Identical hash values for the original and copy reliably attest to the fact that they are exact duplicates. This amendment allows self-authentication by a certification of a qualified person that she checked the hash value of the proffered item and that it was identical to the original.

Nothing in the amendment is intended to limit a party from establishing authenticity of electronic evidence on any ground provided in these Rules, including through judicial notice where appropriate.

These two Amendments should be very helpful to attorneys going to trial with electronically stored information. The use of chain of custody audit logs from forensic software, plus a detailed affidavit, should help streamline the process for authenticating ESI. That being said, the Amendments to Rule 902 do not eliminate any methods for authenticating ESI pursuant to Rule 901 or overturn case law.

The New Rules Take Nothing Away

Back in 1999, a Federal Judge took aim at the electronic evidence from the web, stating it was “inherently untrustworthy” with “voodoo information” and all online content to be “one large catalyst for rumor, innuendo, and misinformation.” St. Clair v. Johnny’s Oyster & Shrimp, Inc., 76 F. Supp. 2d 773, 774-75 (S.D. Tex. 1999).

Russian election trolls aside, we don’t live in that world anymore. Courts routinely authenticate screen shots of web content with Federal Rule of Evidence 901, holding that an affidavit with circumstantial indicia of authenticity, such as the URL, date of printing (or screen capture), or other identifying information, are sufficient for a reasonable juror to believe that the evidence is what they proponent claims they are. ForeWord Magazine, Inc. v. OverDrive, Inc., 2011 U.S. Dist. LEXIS 125373, at *8 (W.D. Mich. Oct. 31, 2011), [citations omitted].

Federal Rule of Evidence Rule 901 has been used to authenticate screen shots of text messages. United States v. Arnold, 696 F. App’x 903, 906-07 (10th Cir. 2017). Moreover, there are other cases when the authentication of screen shots of social media was not even questioned, instead focusing on relevance or hearsay issues of the proffered evidence. See, United States v. Lemons, 792 F.3d 941, 946 (8th Cir. 2015) or Camowraps, LLC v. Quantum Dig. Ventures LLC, 74 F. Supp. 3d 730, 736-37 (E.D. La. 2015).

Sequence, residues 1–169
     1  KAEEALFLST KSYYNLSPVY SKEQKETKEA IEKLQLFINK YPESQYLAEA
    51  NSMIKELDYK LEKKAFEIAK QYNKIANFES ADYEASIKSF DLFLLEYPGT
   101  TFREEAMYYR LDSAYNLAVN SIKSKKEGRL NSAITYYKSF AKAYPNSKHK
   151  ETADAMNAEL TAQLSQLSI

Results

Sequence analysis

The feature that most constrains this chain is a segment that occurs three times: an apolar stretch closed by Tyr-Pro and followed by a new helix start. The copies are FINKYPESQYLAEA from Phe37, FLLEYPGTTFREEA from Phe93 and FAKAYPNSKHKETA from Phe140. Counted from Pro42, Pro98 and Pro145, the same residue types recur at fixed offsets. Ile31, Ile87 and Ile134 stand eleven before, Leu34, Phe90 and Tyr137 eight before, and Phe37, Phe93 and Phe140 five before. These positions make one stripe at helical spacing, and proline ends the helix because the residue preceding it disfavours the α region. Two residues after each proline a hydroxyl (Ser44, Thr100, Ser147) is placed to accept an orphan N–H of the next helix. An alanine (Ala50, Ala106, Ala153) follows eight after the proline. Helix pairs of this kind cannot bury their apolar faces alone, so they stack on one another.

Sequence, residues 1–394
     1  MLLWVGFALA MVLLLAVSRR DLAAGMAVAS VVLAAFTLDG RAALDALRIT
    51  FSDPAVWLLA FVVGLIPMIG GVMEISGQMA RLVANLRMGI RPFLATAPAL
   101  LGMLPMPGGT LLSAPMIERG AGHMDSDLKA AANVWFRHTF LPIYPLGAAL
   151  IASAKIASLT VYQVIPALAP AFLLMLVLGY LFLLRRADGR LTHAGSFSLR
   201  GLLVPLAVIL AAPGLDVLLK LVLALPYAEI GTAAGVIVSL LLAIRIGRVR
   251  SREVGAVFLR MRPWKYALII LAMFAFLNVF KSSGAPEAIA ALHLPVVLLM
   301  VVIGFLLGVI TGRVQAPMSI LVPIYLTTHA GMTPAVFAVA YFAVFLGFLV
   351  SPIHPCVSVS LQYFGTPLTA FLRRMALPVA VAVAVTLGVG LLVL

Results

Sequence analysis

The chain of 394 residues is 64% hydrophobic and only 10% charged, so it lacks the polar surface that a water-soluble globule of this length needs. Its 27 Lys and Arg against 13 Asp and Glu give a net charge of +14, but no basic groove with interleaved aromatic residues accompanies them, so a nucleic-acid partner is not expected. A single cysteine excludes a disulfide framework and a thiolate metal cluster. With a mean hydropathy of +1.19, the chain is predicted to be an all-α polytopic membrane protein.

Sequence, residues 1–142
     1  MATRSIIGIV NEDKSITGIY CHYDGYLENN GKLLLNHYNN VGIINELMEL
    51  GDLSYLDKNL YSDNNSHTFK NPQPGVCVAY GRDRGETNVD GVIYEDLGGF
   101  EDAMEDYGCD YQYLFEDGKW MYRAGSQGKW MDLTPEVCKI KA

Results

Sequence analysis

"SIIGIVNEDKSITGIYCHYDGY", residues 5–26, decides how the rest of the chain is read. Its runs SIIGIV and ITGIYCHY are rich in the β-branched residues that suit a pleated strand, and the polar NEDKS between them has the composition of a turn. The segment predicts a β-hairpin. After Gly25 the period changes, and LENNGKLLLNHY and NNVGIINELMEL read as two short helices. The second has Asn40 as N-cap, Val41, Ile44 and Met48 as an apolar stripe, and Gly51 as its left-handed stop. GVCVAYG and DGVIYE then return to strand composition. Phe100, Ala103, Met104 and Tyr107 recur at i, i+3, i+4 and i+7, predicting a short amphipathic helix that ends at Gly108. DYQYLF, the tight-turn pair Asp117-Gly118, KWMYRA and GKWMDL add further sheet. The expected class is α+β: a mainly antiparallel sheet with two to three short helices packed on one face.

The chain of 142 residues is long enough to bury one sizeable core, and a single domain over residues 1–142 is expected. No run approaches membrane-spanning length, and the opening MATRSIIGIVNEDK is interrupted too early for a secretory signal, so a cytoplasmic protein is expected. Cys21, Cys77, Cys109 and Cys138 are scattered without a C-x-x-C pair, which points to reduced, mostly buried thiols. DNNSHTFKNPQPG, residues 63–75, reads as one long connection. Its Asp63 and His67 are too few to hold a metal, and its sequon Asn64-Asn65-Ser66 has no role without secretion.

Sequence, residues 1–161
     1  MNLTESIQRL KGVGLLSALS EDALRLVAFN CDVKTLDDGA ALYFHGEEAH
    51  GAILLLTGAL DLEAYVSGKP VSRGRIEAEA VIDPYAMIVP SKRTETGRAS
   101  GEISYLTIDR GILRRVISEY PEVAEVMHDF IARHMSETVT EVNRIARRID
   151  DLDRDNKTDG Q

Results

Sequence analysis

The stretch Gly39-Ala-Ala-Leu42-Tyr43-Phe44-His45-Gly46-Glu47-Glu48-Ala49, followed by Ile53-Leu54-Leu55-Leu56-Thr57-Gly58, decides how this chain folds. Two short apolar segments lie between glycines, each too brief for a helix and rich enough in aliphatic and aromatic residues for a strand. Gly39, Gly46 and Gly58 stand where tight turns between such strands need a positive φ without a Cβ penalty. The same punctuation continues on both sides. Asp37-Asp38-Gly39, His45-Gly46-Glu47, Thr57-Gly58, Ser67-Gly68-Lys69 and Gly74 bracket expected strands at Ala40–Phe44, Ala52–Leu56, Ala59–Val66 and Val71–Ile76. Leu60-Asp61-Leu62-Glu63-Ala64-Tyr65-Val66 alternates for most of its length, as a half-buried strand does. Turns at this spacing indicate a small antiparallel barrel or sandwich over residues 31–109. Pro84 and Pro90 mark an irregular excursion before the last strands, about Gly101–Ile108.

The Amendments to Federal Rules of Evidence 902 are to make life easier with self-authenticating electronically stored information that has been defensibly collected. Attorneys still have every other option for authenticating ESI that they have had since the 1990s. At the end of the day, ESI is admissible if the Court says it is admissible. While complexity of cases can vary requiring more sophisticated collection technology, no Judge will cause injustice by saying forensic software is now required to authenticate ALL online information, when a screen shot could be the best option for a petitioner in jeopardy.

Josh Gilliland is a California attorney who focuses his practice on eDiscovery. Josh is the co-creator of The Legal Geeks, which has made the ABA Journal Top Blawg 100 Blawg from 2013 to 2016 and was nominated for Best Podcast for the 2015 Geekie Awards. Josh has presented at legal conferences and comic book conventions across the United States. He also ties a mean bow tie.